Phyllis Posnick's Showstopping Images
Vogue's Phyllis Posnick turns features about mascara and face cream into social commentary
What does a fashion stylist actually do? There is a moment, somewhat stagey, in The Editor’s Eye, the 2012 documentary about American Vogue’s senior creatives, when the stylists in question, tasked with this quandary, are each lost for words.
Four years on, with time to reflect, and a book of her pictures from American Vogue to publicise, it seems a good opportunity to ask Phyllis Posnick to tackle the question again, especially given the narrative nature of her pictures. “I suppose the Phyllis component part of the picture is the way the woman in it actually looks, and the casting of the model,” she begins thoughtfully. “Sometimes the photographer may have the final say on casting but I’ll make the initial selection. The hair, the makeup . . . if there are clothes as well, then I select them and they determine the direction of the shoot. If the clothes aren’t very good then the pictures aren’t good.”
There often aren’t clothes, because Phyllis is the executive Vogue editor responsible for the arresting images that punctuate the magazine’s beauty and health pages. Often charged with illuminating the banal-sounding (a feature about mascaras) or impossible (a story about moisturising creams for extreme temperatures, the challenge being that the creams were all invisible on the skin), Phyllis and her collaborators have invariably mined artistic gold, sans clothes.
They’ve had to. Whereas her Vogue colleagues might have 10 or 12 magazine pages to tell their story, Posnick generally gets one. It has honed both her technique and her argument, turning her single image into a sensational, occasionally sensationalist visual statement that more often than not constitutes highly glamourised social commentary. Hence the book’s title: Stoppers.
There is the 2008 picture of the model Guinevere Van Seenus wearing grotesquely large wax lips, overseen by a highly sexualised nurse (inspired by the nurses Phyllis had seen in the Marc Jacobs for Louis Vuitton show, which in turn had been inspired by the artist Richard Prince), to accompany a piece on cosmetic surgery that goes wrong.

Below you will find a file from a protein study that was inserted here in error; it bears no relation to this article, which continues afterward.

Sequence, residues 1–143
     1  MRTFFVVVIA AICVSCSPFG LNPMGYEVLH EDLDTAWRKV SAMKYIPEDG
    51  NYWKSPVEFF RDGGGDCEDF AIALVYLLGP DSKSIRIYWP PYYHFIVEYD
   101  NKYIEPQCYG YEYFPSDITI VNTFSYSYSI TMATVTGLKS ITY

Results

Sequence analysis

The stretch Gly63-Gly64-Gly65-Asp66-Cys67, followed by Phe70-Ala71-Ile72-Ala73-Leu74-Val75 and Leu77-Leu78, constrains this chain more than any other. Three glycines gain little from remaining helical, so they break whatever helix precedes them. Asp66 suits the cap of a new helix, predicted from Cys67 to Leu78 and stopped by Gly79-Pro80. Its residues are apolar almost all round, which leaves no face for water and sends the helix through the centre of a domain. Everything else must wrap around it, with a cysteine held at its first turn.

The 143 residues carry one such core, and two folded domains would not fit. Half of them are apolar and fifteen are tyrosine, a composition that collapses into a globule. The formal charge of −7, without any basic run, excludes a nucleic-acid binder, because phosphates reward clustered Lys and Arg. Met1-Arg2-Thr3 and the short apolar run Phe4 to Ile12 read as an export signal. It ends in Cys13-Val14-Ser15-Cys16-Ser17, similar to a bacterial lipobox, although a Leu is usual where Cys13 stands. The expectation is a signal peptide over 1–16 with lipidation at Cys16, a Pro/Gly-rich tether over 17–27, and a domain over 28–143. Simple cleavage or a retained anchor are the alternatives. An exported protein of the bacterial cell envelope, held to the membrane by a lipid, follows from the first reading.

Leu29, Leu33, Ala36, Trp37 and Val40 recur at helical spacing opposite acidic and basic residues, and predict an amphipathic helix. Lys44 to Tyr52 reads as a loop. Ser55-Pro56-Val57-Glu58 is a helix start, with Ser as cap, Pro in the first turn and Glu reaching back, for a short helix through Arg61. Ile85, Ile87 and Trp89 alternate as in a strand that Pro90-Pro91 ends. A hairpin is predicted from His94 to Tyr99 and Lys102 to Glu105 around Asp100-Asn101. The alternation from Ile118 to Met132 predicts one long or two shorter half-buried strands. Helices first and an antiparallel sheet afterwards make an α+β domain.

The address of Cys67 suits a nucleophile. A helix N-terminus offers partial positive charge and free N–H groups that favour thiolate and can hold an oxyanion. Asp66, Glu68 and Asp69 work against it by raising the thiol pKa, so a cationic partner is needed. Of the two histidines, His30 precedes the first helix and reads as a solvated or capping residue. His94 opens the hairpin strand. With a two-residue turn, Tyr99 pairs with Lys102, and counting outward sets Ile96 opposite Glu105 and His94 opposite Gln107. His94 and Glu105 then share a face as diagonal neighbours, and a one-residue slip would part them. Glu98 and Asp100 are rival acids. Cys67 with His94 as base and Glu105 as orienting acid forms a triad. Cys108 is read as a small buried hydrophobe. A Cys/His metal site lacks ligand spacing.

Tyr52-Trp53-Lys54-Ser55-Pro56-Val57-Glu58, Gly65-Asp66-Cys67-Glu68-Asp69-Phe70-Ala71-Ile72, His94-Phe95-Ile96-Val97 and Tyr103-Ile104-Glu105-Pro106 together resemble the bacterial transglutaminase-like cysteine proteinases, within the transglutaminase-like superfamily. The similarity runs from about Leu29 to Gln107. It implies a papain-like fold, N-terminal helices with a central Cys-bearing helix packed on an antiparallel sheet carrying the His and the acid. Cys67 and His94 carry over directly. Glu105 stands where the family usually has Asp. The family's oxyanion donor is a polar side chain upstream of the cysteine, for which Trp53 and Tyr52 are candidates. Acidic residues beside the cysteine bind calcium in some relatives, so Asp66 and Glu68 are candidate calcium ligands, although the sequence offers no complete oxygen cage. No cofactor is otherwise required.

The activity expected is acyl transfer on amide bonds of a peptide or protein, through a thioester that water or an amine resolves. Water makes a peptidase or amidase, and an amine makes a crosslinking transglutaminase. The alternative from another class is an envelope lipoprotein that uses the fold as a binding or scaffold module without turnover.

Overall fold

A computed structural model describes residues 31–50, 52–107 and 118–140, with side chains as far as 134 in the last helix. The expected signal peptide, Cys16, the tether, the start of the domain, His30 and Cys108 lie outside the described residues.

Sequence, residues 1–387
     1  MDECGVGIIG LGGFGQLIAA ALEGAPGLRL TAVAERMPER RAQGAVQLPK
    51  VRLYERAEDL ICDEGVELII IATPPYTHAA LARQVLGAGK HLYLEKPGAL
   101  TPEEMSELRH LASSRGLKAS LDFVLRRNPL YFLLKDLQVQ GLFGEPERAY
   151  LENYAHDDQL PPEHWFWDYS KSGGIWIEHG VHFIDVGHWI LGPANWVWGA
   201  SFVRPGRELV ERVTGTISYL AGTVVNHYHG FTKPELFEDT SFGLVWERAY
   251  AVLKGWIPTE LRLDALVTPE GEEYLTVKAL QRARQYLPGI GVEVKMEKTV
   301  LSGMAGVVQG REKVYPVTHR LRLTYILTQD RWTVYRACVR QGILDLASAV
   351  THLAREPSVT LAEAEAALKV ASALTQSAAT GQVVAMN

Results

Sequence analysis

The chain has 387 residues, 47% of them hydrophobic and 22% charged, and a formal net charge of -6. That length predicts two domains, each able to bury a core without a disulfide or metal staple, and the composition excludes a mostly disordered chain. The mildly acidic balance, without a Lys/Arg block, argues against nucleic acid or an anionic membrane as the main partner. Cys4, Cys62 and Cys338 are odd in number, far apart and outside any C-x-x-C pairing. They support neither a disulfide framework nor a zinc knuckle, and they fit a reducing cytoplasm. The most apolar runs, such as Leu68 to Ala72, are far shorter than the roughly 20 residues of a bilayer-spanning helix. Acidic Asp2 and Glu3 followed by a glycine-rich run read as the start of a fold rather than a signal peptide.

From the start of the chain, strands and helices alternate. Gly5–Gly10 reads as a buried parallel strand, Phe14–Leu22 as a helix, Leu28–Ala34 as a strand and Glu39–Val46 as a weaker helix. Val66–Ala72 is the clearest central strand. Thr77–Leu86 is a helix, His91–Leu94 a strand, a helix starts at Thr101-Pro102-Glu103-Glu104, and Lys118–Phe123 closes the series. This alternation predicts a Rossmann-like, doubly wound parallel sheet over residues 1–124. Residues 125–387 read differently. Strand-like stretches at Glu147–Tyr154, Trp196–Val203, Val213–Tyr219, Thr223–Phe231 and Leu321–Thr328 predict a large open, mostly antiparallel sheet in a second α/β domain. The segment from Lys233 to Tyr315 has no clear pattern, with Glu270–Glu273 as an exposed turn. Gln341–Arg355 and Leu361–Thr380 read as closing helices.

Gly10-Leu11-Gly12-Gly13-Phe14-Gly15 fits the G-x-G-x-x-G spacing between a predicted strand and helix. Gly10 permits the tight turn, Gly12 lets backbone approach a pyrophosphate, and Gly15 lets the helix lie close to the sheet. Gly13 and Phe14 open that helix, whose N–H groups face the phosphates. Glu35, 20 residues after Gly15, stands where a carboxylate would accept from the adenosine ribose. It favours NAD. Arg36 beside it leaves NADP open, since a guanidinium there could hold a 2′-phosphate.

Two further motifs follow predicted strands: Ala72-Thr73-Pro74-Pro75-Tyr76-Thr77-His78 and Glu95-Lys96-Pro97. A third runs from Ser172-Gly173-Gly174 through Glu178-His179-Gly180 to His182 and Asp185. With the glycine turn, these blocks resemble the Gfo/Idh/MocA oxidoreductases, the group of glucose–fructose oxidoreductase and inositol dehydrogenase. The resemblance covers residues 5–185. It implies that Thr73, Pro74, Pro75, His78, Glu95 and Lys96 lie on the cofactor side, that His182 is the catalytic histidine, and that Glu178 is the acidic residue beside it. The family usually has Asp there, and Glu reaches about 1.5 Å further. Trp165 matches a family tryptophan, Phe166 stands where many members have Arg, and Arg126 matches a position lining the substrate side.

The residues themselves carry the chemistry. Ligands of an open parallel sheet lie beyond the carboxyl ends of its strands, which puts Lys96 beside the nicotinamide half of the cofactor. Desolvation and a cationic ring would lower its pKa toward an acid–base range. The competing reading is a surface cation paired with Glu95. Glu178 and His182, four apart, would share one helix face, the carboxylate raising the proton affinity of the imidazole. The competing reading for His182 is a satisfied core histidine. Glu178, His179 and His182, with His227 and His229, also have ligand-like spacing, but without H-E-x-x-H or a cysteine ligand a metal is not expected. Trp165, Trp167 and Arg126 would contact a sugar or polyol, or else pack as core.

And a prescient-looking Kristen McMenamy, in 1995, being pushed in what looks like a hi-tech S&M wheelchair by a semi-naked, armour-clad robo-model to demonstrate our growing obsessions with gadget-dominated exercise. Or a headless model in a genuine medieval metal chastity belt alongside a 2002 article on birth control.
Her collaborators read like a Who’s Who of 21st (and 20th) century photography: Steven Klein (“the only photographer I know who can turn a child’s inflatable pool toy into a sexual predator,” she writes in Stoppers); Helmut Newton (“He’d tell me my ideas were dumb, and then incorporate bits of them into the shoot”); Briton Tim Walker, who will happily turn down a job if it doesn’t feel right; Bruce Weber (who asked Phyllis why she had to make everything so difficult); and Irving Penn, with whom she began working in 1987 and who wasn’t averse to making things difficult himself.
He once agreed to do a “natural light” story with her, but only if she could find the original Parisian studio where he’d shot a previous “natural light” story decades before. That studio no longer existed, but the Vogue scout found one in the same street, “complete with the same dirty windows and the same light”.
Why does she make everything difficult, I ask? She smiles. “I’ve been accused of being meticulous, maybe that’s part of it.” Commenting on a Phyllis/Irving picture that co-starred a glossy pair of red lips and a live bee, Hamish Bowles, a fellow Vogue-ette, said “Phyllis would have trawled every apiary in America in the casting of that bee”.
Her father was punctiliously punctual at picking her up from school every day. “My mother was neat and always on time. I’m from Austrian stock ... ”